7. Stay in one place.  Why did I decide to come to Manchester for only two days, again?  I don't regret it (I even met one of my Livejournal friends!), but such a short stay made it impossible to ever get my bearings.  If you avoid city-hopping, it's also easier to get involved with local social activities, and to actually attend the upcoming events that you hear about.
  8. Meet people in advance.  If you, like me, are not very outgoing, meet people (or join a group) from your destination online, before you get there.  Think about it:  Locals, especially urban people, won't have any real reason to befriend you unless you have shared interests (or are incredibly charming).  In London, I learned that while in theory, striking up conversations with strangers was a great idea, in practice it was less so.  A couple of strangers tried conversing with me, but I had too much trouble quickly transitioning into random conversation.  I need a few moments to mentally prepare myself and decide if I even want to talk.  By that time, though, the stranger is usually saying, "Sorry, I won't disturb you".  When I say, "No, really, you're not," they have probably already assumed that I'm quietly plotting their murder.  So yeah, I like meeting people in advance.  Just be honest with yourself about your level of social comfort, and start from there.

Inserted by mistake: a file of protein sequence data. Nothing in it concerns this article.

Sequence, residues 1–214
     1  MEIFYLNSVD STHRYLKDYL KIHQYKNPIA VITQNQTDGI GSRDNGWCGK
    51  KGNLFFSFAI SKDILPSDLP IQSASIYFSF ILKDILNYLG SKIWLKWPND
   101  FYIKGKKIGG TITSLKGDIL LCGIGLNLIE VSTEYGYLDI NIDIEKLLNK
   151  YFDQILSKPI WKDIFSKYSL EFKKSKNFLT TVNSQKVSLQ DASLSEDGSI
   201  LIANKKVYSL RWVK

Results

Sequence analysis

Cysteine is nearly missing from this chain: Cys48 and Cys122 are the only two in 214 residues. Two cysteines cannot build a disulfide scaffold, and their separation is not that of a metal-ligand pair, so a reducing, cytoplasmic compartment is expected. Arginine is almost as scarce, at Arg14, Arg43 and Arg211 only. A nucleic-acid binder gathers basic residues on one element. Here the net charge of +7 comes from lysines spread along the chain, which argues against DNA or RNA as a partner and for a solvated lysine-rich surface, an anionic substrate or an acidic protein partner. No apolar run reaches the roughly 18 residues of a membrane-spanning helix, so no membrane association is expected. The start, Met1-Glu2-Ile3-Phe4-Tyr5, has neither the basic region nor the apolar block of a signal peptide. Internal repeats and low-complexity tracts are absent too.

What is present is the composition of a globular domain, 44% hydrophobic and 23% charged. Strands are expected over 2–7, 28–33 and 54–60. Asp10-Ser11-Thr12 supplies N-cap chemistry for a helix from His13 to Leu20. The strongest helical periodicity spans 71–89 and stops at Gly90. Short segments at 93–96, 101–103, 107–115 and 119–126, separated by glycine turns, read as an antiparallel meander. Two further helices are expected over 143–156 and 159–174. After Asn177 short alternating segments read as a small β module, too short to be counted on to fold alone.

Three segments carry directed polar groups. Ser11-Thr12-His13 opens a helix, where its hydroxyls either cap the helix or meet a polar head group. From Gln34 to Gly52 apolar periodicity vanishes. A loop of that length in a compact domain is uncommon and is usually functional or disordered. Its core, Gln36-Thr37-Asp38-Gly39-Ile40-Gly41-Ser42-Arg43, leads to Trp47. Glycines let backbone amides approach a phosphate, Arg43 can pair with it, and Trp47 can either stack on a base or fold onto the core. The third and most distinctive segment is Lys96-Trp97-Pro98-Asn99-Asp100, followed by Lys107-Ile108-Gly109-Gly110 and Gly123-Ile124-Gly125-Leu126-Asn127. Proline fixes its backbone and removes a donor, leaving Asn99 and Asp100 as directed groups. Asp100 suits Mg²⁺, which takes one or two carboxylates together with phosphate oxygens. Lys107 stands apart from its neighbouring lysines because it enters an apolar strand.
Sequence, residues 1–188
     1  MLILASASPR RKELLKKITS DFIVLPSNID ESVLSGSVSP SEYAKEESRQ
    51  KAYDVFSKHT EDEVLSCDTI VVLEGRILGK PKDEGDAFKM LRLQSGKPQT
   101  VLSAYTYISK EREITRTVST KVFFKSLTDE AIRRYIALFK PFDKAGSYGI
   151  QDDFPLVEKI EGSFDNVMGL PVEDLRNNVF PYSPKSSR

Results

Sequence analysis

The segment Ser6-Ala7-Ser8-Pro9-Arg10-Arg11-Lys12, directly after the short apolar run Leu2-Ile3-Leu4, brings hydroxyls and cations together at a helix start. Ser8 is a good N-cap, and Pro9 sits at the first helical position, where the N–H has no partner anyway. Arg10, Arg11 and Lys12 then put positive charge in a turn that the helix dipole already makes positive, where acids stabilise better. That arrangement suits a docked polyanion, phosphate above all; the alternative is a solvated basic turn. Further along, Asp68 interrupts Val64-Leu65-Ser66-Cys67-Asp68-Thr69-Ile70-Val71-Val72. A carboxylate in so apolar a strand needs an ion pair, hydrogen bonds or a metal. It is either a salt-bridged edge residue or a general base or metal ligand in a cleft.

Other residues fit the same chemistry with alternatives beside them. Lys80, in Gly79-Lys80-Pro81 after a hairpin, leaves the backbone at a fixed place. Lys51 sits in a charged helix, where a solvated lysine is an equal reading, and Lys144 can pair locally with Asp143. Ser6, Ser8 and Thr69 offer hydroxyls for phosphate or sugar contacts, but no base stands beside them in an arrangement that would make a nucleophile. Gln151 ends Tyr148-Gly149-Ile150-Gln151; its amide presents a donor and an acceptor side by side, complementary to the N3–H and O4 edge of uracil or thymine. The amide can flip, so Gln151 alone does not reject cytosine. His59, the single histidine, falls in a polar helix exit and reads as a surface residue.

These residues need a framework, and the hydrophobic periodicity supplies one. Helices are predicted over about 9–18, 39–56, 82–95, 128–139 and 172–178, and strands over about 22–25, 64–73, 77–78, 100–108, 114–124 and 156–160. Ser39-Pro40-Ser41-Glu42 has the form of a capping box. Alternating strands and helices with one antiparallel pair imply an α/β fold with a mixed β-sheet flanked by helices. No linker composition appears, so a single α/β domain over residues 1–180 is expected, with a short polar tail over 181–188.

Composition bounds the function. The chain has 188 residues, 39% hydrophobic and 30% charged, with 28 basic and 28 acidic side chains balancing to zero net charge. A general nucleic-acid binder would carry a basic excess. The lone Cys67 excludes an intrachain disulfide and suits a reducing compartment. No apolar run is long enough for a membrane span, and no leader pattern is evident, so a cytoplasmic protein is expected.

9. Respect your body.  Don't be like me:  Hungry, dehydrated, sunburned, and extremely sore of foot.  If you think carrying a reusable water bottle is too unwieldy, Vapur.  Although the carabiner broke after a day (so you know they're not paying me to write this), the bottle itself is durable, and becomes very light and small when empty.  Carry snacks with you, and bring the most comfortable shoes possible (as long as they blend in with your locale).  I find that on trips, I do a ton of walking, and it wasn't until the last two days of my trip that I felt used to it.